Rabbi Joseph Soleveitchik used this passage to teach:
“Genuine geulah, genuine redemption, always comes suddenly, unexpectedly, at a time when people are ready to give up hope … At that moment, when the crisis reaches its maximum and threatens the very existence of the community, when people begin to give up the geulah suddenly comes and takes them out of the land of affliction. It comes in the middle of the night and knocks on the door when no one expects it, when everybody is skeptical about it, when everyone laughs off the possibility of redemption.” Festival of Freedom, p. 58
Soloveitchik’s “knock on the door” is a nod to why we put out a cup for Elijah and open the door hoping that this year he will be there. According to rabbinic tradition, Elijah will return one day to announce the coming of the messiah, and the beginning of the messianic world to come where the ills of the world-as-it-is will be no more. The legend says that Elijah will arrive either as the Shabbat ends or during a Passover seder. However, there are two conflicting views on what must happen before the messiah actually comes. One view, referenced by Rabbi Soloveitchik, asserts that the messiah will only come when the world has become so dark that things cannot get any worse. The other view says that the messiah will only come when we have made the world so perfect that we no longer need him (or her). The first view can give us hope when the world is pressing in against us, the second inspires us to work towards building paradise here in this world.
Either way, the process is messy.
This year, if the world seems too dark or dangerous, let us look to the future with messianic hope. Or, if we have the strength, then let us determine at our seder tables to take concrete and specific actions to bring our world closer to redemption.
Passover is not a “once upon a time” observance, but a “for all time” celebration.
Leviticus 14:1 – 15:33
Rabbi Bonnie Koppell teaches: “God creates the world through speech, as we also create our own world through the power of our words.” Although parashat Metzorah seems to be about skin disease and household mold on the surface, our tradition has long held that it is really about the power of our words. In the Talmud we learn that the word metzorah is an acronym for the Hebrew phrase: motzi shem ra (“brings forth a bad name”). According to this interpretation, the external manifestations of the metzorah’s disease are a function of a deeper spiritual malady.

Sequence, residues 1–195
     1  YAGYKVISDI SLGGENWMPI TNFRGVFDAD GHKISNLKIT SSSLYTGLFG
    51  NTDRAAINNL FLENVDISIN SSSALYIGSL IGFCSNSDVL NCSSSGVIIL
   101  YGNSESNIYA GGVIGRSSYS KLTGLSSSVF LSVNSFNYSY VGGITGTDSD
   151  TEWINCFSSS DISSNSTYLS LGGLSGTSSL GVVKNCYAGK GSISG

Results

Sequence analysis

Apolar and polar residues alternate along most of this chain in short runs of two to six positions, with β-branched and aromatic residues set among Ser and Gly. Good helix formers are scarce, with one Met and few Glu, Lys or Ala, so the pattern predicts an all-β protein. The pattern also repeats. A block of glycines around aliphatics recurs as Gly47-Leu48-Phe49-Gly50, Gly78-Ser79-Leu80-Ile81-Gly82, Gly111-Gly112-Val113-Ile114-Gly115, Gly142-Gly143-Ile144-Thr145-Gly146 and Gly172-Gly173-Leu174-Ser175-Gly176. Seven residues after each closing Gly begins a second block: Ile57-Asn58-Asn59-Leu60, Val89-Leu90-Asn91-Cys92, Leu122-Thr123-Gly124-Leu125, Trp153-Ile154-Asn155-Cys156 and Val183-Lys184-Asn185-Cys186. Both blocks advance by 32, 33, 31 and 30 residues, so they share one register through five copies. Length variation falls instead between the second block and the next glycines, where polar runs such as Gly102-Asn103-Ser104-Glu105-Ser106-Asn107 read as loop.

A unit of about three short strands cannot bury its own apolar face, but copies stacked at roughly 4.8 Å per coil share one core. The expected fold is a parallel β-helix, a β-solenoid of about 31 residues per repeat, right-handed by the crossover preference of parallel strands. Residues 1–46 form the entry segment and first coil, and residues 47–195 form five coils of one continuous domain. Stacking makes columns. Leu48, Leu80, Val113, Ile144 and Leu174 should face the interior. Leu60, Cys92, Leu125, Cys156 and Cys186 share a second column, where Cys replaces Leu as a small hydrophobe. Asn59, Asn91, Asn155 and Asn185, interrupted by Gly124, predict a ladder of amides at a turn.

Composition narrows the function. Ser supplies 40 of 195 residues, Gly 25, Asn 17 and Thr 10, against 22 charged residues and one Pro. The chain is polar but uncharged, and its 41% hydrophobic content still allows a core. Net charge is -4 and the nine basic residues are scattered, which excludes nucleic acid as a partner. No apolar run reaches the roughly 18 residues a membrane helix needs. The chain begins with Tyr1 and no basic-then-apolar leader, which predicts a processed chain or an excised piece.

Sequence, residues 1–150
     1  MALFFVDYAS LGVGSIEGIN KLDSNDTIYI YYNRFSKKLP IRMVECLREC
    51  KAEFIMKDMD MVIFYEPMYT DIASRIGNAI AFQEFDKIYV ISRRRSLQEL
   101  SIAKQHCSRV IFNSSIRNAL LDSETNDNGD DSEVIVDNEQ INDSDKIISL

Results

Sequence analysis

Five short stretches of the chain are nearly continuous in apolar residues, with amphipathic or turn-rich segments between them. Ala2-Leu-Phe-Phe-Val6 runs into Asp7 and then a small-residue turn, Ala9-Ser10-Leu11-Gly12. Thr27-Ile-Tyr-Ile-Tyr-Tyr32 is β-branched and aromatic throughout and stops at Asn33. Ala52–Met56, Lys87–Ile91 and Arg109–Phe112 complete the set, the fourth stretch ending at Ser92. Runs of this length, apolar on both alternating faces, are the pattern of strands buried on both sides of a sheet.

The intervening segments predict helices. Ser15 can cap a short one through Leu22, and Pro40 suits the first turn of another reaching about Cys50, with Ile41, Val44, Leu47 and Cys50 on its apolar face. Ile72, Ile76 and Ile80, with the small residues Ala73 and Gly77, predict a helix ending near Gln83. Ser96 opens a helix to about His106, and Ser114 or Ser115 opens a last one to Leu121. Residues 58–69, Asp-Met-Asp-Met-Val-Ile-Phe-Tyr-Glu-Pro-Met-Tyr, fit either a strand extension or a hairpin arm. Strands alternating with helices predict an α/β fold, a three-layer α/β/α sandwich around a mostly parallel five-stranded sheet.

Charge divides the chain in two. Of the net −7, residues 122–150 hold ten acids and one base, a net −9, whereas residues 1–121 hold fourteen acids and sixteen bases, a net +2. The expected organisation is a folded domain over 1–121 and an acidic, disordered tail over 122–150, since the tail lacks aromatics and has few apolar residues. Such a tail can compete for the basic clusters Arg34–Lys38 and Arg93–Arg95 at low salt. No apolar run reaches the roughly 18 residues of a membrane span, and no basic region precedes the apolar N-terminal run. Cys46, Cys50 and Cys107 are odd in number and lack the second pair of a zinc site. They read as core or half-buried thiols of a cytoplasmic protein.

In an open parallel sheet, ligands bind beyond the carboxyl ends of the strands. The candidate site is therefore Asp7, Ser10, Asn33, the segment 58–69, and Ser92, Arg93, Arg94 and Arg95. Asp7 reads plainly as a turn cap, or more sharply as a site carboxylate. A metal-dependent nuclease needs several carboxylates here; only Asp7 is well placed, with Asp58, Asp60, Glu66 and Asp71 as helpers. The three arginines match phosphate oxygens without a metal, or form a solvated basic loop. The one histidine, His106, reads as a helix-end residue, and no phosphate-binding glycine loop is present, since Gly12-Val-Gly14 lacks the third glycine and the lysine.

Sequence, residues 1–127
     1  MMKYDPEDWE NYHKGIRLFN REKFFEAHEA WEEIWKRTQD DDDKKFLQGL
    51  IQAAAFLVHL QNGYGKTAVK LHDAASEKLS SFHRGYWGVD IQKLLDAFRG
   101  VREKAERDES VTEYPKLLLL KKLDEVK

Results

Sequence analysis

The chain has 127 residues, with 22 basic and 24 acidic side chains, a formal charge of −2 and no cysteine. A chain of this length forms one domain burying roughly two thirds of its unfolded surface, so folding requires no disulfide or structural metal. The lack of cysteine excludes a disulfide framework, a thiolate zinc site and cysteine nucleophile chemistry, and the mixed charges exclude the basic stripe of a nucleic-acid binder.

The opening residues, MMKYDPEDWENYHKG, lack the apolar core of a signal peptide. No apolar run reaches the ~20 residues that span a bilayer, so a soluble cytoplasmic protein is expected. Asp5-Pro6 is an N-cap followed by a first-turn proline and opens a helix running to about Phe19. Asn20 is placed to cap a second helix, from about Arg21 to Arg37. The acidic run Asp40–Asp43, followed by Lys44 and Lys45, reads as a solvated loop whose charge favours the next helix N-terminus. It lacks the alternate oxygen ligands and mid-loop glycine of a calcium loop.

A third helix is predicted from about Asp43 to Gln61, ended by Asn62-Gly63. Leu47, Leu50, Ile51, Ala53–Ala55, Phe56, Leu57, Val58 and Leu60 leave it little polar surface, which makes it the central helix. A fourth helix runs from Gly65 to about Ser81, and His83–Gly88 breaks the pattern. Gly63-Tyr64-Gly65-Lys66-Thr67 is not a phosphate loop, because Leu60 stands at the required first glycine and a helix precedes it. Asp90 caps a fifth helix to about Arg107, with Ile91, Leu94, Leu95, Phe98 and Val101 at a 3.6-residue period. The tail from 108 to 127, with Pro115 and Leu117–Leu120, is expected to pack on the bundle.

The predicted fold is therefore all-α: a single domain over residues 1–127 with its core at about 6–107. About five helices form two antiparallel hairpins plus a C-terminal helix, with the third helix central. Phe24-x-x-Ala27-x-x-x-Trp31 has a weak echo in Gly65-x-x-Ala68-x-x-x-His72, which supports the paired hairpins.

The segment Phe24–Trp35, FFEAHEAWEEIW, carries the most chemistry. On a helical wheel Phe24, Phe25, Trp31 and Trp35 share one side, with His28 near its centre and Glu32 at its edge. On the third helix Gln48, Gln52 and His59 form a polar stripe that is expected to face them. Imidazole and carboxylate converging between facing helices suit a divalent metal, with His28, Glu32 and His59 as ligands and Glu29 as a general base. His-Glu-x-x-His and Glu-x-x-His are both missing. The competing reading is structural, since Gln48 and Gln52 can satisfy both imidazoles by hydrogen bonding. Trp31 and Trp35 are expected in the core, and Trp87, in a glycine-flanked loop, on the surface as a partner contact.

What is this malady?
The rabbis teach that every human being is born with a powerful weapon, and with the ability to chose whether to use it for good or for evil. That weapon is our tongue. Rabbi Jack Reimer writes:
“We use our tongues to create thousands of words every day, and every one of these words has the power to harm or to heal, to hurt or to help. Most of us do very little damage with our hands or with our feet. I can’t think of a single time during this last year when I have hurt anyone with my fists or with my feet. But if I am honest, I must admit that I have hurt people many times during this past year with my tongue.”
Part of the problem is that we do not always see the harm we cause with our words. Most of us, at least in theory, understand that the way we use our words can hurt another person’s feelings. We also understand that we can cause more than emotional harm with our words: we can affect someone’s livelihood or, if we testify falsely, can even help to send an innocent person to prison. Sometimes we are aware of the harm we cause, but more often we are not – especially when it comes to the scale and extent of the damage, and who we are hurting. This is where metzorah comes in. Why is the motzi shem ra, the one who brings for a bad name, covered with a clearly visiblescaly skin affliction? Because using malicious language not only harms others, but themselves. Perhaps I can tell when I have hurt another with my words, but am I aware that I am also hurting myself? When we belittle another human being, we damage a part of ourselves. The more we attack others verbally, the more broken we become. The metzorah is a living physical example of the harm we cause ourselves when we hurt others.
The same holds true for a house which has become infected with tzaraat, the malady of the metzorah. Here we see that not only does weaponized language hurt the person being spoken about, and the person speaking, but also those who hear the words. The environment itself becomes toxic, and if it can not be purified, must be destroyed.